Mucinous Adenocarcinoma of the Salivary Gland: A Review of a Rare Tumor

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Abstract

Objective

To describe the clinical, demographic, and prognostic features of salivary gland mucinous adenocarcinoma, a rare head and neck malignancy.

Study Design

Population-based national cancer registry analysis.

Setting

Academic medical center.

Subjects and Methods

A review was performed with the National Cancer Database from 1998 to 2012. Demographic, clinical, and survival characteristics were compiled and analyzed. Cox multivariate regression was used to identify predictors of survival. Log-rank tests were used to test survival differences unless otherwise specified.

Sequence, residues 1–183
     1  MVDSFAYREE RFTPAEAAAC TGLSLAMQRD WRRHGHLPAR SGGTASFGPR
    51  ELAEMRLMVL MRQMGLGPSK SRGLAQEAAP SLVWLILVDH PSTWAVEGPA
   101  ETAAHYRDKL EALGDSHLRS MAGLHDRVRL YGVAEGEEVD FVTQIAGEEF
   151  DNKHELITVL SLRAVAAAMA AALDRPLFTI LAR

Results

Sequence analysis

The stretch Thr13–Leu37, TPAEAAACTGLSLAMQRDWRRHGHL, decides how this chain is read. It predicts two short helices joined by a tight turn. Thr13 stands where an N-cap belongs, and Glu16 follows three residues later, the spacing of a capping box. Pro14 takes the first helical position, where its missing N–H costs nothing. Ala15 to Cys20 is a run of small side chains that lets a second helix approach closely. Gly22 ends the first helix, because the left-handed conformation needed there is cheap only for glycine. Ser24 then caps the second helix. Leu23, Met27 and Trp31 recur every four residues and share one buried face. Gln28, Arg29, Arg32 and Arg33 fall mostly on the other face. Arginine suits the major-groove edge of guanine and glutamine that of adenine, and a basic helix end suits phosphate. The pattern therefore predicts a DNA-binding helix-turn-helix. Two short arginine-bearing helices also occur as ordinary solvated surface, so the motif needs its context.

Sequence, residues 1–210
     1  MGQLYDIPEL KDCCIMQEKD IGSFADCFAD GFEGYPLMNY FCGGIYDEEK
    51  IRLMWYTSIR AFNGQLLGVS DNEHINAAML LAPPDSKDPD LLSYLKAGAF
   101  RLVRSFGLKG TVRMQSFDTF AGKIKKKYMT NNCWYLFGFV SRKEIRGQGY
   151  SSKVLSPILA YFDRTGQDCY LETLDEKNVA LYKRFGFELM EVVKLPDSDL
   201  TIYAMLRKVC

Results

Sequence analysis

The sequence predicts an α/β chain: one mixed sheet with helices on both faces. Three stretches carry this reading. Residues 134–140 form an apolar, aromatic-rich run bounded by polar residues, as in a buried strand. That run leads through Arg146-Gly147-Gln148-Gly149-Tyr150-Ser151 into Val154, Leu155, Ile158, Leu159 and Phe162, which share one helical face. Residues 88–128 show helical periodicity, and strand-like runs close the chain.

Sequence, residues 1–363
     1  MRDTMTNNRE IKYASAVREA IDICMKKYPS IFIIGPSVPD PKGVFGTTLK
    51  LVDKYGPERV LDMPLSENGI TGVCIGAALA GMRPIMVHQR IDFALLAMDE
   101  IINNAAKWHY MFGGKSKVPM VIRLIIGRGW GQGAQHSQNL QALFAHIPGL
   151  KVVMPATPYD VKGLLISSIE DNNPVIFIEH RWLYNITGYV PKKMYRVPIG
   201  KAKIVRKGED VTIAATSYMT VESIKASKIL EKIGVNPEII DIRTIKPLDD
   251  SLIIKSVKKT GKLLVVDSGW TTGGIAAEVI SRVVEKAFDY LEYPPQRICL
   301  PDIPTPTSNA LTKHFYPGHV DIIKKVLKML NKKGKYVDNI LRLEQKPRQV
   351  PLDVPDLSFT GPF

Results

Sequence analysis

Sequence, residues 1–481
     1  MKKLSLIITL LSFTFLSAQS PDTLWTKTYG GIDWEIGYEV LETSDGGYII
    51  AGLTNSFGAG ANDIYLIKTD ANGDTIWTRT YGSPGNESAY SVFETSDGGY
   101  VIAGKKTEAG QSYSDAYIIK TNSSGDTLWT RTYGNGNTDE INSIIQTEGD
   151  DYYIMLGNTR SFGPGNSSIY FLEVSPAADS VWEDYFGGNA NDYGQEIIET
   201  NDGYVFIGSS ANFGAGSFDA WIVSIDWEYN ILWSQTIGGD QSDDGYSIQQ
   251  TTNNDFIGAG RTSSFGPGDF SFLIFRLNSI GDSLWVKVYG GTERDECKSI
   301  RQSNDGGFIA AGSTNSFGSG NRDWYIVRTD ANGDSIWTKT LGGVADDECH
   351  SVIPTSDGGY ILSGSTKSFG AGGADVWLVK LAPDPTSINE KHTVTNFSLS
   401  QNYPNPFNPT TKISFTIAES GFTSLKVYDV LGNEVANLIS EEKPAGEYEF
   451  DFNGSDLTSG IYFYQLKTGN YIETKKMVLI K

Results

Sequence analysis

Results

A total of 170 cases were identified. The most common site of involvement was the parotid gland. Rates of nodal and distant metastases were 45.9% and 10.6%, respectively. High histologic grade was associated with nodal disease (P < .001) and advanced-stage disease (P = .006). Overall 5- and 10-year survival rates were 60% and 44%, respectively. Multivariate analysis found tumor size ≥2 cm (hazard ratio, 22.6; 95% confidence interval: 4.06-126.09; P < .001) and distant metastases (hazard ratio, 17.6; 95% confidence interval: 3.75-82.68; P < .001) to predict poor outcomes.

Conclusions

Mucinous adenocarcinoma of the salivary gland is a rare otolaryngic cancer. Regional metastases and advanced stage are more common with high histologic grade. Tumor size and distant metastases negatively influence survival.

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